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The main mosque of Kahramanmaras, Turkey.
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The main mosque of Kahramanmaras, Turkey. Photo: Dick Osseman.

Streets of Kahramanmaras, Turkey.
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Streets of Kahramanmaras, Turkey. Photo: Dick Osseman.

City in southern Turkey with 330,000 inhabitants (2004 estimate), at an elevation 700 metres above sea level, on a fertile plain below the Ahir Mountain, near the Ceyhan river. It is the capital of Kahramanmaras province with 1 million inhabitants (2004 estimate).
It is a regional trade centre with food-processing and textile industries. Kahramanmaras produces 30% of Turkey's cotton yarn, 7% of its woven fabric and 14% of its knitted fabric. Other local industries produce and export olive oil, spices, and handmade goods. The surrounding region is mountainous and contains rich mineral deposits, chiefly iron and silver. The agricultural regions, watered by the Ceyhan River, produce wheat, rice, and legumes.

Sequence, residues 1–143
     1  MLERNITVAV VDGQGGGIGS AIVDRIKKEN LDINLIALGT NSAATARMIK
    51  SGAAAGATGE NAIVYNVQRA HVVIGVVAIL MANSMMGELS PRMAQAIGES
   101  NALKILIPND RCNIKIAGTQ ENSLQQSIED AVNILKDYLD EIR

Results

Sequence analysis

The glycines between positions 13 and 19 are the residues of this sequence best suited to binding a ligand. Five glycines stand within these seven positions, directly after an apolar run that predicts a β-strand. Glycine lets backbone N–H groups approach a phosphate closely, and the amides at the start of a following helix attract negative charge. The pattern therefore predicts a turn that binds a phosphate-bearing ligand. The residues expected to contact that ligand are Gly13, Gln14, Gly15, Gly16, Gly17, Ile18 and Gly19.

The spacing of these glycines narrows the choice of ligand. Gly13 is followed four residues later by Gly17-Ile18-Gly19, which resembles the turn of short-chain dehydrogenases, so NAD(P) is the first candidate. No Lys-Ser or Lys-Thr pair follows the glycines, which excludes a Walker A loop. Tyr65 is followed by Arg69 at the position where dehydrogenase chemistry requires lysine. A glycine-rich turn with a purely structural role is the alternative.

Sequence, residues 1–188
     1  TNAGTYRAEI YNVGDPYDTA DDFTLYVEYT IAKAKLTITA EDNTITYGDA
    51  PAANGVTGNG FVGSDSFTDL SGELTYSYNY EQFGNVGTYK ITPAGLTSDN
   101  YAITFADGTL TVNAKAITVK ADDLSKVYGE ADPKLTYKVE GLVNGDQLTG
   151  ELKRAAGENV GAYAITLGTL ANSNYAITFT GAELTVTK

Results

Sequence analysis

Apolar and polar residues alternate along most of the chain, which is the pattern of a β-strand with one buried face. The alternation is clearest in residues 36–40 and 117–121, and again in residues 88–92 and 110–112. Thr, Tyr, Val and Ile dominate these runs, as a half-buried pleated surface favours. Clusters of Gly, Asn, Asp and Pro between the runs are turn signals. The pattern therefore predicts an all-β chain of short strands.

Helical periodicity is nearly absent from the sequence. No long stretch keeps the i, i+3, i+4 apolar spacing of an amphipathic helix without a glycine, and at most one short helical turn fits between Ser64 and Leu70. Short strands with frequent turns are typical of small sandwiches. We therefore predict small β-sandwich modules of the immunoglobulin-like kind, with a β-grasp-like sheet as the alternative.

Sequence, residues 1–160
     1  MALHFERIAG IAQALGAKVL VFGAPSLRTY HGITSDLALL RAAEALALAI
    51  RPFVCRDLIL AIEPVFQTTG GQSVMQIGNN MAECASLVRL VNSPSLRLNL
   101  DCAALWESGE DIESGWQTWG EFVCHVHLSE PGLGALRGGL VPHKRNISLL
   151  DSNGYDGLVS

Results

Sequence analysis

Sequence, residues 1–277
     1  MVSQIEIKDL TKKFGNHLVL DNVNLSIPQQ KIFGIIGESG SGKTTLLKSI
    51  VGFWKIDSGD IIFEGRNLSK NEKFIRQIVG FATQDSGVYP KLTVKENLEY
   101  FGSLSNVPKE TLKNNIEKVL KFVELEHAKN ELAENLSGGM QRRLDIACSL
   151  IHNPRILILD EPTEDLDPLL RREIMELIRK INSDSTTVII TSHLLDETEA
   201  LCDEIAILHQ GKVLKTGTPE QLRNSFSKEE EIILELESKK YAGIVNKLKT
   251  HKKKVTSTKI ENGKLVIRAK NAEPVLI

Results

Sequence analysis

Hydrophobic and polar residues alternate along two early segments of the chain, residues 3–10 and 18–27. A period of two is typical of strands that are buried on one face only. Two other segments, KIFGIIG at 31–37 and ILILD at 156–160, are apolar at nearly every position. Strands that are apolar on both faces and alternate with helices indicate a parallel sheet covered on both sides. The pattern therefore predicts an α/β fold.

All major road and rail connections for Kahramanmaras goes south, with Gaziantep 100 km southeast as the closest major city.
A medieval fortress built on Hittite foundations dating back to the 12th century bc is a major landmark. In addition are there several older mosques and religious schools as well as churches.

12th century BCE: Is the capital of the Hittite kingdom Gurgum.
4th-7th century CE: Part of the Byzantine Empire, known as Germanica.
645: Conquered by Muslim Arabs, who turned it into a military base for campaigns into Asia Minor. This leads to many counterattacks from both the Byzantine and the Armenians on the town.
670's: Rebuilt on the command of Caliph Mu'awiyya 1.
Around 800: Is fortified by the command of Caliph Harun ar-Rashid.
1097: Occupied by Christian Crusaders for a short period of time.
12th century: Comes under control of the Seljuqs.
1515: Becomes part of the Ottoman Empire.
1919: Occupied by France.
1921: Transferred back to Turkish control.

By Tore Kjeilen